As we wrap up 2021, it’s important to take a closer look at your tax and financial plans. This year likely brought challenges and disruptions that significantly impacted your personal and financial situations –– a continued global pandemic, several significant natural disasters, new tax laws and political shifts. Now is the time to take a closer look at your current tax strategies to make sure they are still meeting your needs and take any last-minute steps that could save you money.
We’re here to help you take a fresh look at the health of your tax and financial well-being. Please contact us at your earliest convenience to discuss your tax situation so we can develop a customized plan. In the meantime, here’s a look at some issues to consider as we approach year-end.
Key tax considerations from recent tax legislation
Many tax provisions were implemented under the American Rescue Plan Act that was enacted in March 2021. This act aimed to help individuals and businesses deal with the COVID-19 pandemic and its ongoing economic disruption. Also, some tax provisions were passed late in December 2020 that will impact this filing season. Below is a summary of the highlights in recent tax law changes to help you plan.
Employee retention credit (ERC)
The ERC encourages businesses to keep employees on their payroll during the pandemic. The ERC is a refundable payroll tax credit that may be claimed by eligible employers who pay qualified wages to qualifying employees. Changes were made with legislation to allow businesses to qualify for both Paycheck Protection Program (PPP) loans and the ERC.
Contact us to see if you could benefit from these programs.
Family and sick leave credits
The American Rescue Plan Act extended the family and sick leave credits to Sept. 30, 2021. These credits are intended to compensate employers and self-employed people for coronavirus-related paid sick and family and medical leave.
Small Business Administration (SBA) loans
Though the PPP ended on May 31, 2021, existing borrowers may be eligible for PPP loan forgiveness. Even though the PPP loan forgiveness is not taxable for federal purposes, there may be state implications. There are also other COVID-19 relief measures offered through the SBA. We can help you navigate the tax and financial complexities of these programs.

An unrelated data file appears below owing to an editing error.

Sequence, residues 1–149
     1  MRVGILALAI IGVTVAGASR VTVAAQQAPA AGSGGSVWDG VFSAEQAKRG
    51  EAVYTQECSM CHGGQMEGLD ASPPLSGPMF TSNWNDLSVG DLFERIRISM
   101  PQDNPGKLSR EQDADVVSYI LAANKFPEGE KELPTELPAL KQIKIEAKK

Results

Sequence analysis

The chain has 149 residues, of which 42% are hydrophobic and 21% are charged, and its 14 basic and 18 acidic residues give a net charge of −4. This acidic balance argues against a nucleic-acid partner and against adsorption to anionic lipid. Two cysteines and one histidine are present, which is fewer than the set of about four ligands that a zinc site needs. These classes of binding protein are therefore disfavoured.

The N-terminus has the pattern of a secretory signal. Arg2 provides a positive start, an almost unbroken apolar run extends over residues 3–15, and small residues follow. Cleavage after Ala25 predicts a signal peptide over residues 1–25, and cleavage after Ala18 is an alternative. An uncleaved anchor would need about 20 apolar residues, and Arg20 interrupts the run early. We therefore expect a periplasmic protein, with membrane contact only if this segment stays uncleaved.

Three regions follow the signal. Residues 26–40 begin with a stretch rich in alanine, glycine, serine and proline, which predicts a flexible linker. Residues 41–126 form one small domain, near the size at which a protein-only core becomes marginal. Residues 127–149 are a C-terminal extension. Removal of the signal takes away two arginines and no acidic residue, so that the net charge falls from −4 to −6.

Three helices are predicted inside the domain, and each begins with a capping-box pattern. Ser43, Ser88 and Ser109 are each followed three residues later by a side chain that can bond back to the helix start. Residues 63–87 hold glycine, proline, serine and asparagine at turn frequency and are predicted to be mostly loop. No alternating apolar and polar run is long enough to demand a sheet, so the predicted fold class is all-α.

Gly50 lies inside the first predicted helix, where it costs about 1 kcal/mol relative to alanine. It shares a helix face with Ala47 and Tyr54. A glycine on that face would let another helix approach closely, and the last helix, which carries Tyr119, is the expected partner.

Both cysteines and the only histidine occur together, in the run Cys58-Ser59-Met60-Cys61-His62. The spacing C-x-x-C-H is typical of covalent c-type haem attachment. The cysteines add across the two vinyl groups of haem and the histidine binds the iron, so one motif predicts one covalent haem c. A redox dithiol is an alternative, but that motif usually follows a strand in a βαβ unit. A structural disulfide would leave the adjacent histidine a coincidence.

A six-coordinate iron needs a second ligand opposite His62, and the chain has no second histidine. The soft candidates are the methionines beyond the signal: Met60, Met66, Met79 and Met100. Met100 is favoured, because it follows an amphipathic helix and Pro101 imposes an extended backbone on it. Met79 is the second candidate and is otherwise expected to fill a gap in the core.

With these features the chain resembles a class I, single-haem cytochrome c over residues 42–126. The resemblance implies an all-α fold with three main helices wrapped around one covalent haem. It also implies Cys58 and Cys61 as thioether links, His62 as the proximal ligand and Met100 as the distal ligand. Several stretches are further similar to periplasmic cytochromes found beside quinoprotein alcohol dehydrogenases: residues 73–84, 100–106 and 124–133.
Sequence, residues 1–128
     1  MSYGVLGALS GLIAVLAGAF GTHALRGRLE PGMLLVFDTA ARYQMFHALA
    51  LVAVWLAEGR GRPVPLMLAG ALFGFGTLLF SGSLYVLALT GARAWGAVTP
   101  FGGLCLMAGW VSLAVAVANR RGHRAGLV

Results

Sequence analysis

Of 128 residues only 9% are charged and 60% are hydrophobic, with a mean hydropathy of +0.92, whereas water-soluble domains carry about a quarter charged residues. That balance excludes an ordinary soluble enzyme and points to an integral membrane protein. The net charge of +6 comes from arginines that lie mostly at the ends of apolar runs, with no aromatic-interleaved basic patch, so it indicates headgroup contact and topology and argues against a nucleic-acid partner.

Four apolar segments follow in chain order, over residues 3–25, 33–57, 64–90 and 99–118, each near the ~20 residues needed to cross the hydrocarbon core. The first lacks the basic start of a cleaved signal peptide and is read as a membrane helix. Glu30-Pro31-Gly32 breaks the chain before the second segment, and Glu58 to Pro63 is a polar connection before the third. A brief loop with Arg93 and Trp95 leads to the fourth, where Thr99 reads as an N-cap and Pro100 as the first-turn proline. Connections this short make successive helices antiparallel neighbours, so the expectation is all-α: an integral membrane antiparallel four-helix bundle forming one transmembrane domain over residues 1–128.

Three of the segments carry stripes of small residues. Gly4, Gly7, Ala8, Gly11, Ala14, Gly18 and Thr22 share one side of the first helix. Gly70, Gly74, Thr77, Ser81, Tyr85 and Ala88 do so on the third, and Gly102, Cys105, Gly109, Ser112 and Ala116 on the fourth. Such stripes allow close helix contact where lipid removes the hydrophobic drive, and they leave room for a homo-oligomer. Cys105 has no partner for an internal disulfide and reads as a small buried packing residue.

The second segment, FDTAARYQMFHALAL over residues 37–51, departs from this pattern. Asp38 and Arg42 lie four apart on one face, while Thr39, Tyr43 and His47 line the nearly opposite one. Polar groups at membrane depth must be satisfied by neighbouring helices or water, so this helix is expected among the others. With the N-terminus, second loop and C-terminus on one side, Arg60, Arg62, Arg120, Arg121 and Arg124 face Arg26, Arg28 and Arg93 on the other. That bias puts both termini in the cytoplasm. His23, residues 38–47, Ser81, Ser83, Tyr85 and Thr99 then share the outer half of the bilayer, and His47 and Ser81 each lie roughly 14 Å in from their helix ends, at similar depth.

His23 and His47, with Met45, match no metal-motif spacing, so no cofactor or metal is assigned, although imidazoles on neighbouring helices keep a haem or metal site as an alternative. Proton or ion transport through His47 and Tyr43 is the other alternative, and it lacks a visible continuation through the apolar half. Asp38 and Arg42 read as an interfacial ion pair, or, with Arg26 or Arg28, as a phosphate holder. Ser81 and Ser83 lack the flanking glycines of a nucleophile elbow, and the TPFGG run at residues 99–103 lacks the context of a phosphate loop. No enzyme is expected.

State tax obligations related to teleworking arrangements
The pandemic has changed how people work, and more people are permanently working from home (i.e., teleworking). Such remote working arrangements could potentially have state tax implications that should be considered. We can help you determine any filing or payment obligations.
Fraudulent activity remains a significant threat
Our firm takes data security seriously and your business should as well. Fraudsters continue to refine their techniques and tax identity theft remains a significant concern. Beware if you:
- Receive a notice or letter from the IRS regarding a tax return, tax bill or income that doesn’t apply to you
- Get an unsolicited email or another form of communication asking for confidential information such as payroll or employee data
- Receive a robocall insisting you must call back and settle your tax bill
Make sure you’re taking steps to keep financial information safe. Let us know if you have any questions or concerns about how to go about this.
Partnership audit and adjustment rules
New audit and adjustment rules are in effect. Careful planning today will help mitigate any unfavorable consequences on both the entity and the partners themselves. Also, be aware that even if your business isn’t a partnership, you’ll want to evaluate the effect these new rules could have if you’ve invested in any partnership.